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Stress Of Divorce Can 'triple Risk' Of Children Getting Diabetes

Stress of divorce can 'triple risk' of children getting diabetes

Stress of divorce can 'triple risk' of children getting diabetes

Stressful life events in childhood such as death or illness in the family, divorce or separation can triple the risk of developing type 1 diabetes, research has suggested.
A study carried out in Sweden analysed more than 10,000 families with children aged between two and 14 who did not already have the condition and also looked at factors including whether there was any family conflict, change of family structure, interventions from social services or unemployment.
Parents were given questionnaires asking them to assess such serious life events, parental stress, worries and the parent's social support and 58 children were subsequently diagnosed with type 1 diabetes.
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Researchers said that, as it is unlikely such stressful events can be avoided, families need support to cope if such problems occur.
The study said that while the causes of type 1 diabetes are unknown, it is usually preceded by the body's own immune system attacking and killing beta cells in the pancreas, which produce insulin.
Environmental factors such as viral infection, dietary habits, birth weight and early weight gain, as well as chronic stress, have all been proposed as risk factors, and the new research aimed to examine whether psychological stress during a child's first 14 years of life might increase the risk.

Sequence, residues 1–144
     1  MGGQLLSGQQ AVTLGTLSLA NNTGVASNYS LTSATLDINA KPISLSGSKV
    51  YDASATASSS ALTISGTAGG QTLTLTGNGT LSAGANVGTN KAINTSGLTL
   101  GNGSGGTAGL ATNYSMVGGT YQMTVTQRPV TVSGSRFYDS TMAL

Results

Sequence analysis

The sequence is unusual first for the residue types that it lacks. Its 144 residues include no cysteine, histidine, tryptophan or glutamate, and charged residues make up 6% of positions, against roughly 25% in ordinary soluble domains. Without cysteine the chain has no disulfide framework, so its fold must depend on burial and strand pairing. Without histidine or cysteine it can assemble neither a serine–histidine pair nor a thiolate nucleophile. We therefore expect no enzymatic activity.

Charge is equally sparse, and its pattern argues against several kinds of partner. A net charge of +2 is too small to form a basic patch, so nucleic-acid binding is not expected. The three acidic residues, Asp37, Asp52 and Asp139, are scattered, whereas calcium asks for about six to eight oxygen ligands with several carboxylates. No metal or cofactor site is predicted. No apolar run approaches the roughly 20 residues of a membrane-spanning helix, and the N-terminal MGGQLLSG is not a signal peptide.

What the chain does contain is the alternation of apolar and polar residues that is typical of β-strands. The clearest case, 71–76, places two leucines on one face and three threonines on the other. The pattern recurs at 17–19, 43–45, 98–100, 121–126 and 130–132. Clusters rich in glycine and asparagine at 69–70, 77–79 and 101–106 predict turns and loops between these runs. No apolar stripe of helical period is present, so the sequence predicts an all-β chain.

They said that since rates among young children are increasing in most countries, environmental factors are being examined even more seriously.
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The anti-diabetes diet: a 2,000 calorie-a-day food planner

The anti-diabetes diet: a 2,000 calorie-a-day food planner

Have we forgotten what a healthy amount of food looks like? GP Ann Robinson thinks so. Writing in the Guardian, she responded to the warning by the charity Diabetes UK, that the rise in cases of the disease is threatening to bankrupt the NHS.
Robinson pointed out that because the rise in cases seems to be due to the increase in the number of people living with Type 2 diabetes – which can be linked to obesity – tackling it will require a “massive change in the way we lead our lives”. With the UK becoming a “nation of grazers”, it was time schools taught pupils what 2,000 calories a day “looks and feels like”, said Robinson.
So we asked Kelly McCabe of the British Dietetic Association to produce a working week’s approximate 2k-a-day plan. We hope you like lentils:
Monday
Breakfast: Yoghurt with berries, nuts and seeds (100g Total 0% yoghurt, handful mixed berries, 1 tbsp mixed seeds, 2 sliced brazil nuts).
Lunch: Smoked salmon, low-fat cream cheese and spinach sandwich on soya and linseed bread, with a handful of cherry tomatoes.
Dinner: Sweet potato, spinach and lentil dhal (made with 100g red lentils, and a large sweet potato: makes enough for lunch tomorrow).
Tuesday
Breakfast: Banana porridge (3 tbsp whole rolled porridge oats, semiskimmed milk, ½ sliced banana, 2 sliced brazil nuts).
Lunch: Sweet potato, spinach and lentil dhal (leftovers).
Dinner: Parma-ham-wrapped salmon (one small fillet, 2 slices ham) with asparagus and 4 tbsp pesto sauce, 80ml creme fraiche, handful new potatoes.
Wednesday
Breakfast: Scrambled eggs with smoked salmon and avocado o Continue reading

Deaths among people with diabetes in Australia 2009–2014

Deaths among people with diabetes in Australia 2009–2014

The Australian Institute of Health and Welfare (AIHW) has released this report which highlights that death rates for people with diabetes are almost double those of other Australians and that people with diabetes are more likely to die prematurely. Between 2009 and 2014, death rates fell by 20 per cent for people with type 1 diabetes but rose by 10 per cent for those with type 2 diabetes.
Diabetes and its complications are major causes of illness, disability and death in Australia. People with diabetes are more likely to die prematurely than people without diabetes.
This report examines the 156,000 deaths that occurred between 2009 and 2014 among 1.3 million Australians with diagnosed type 1 and type 2 diabetes.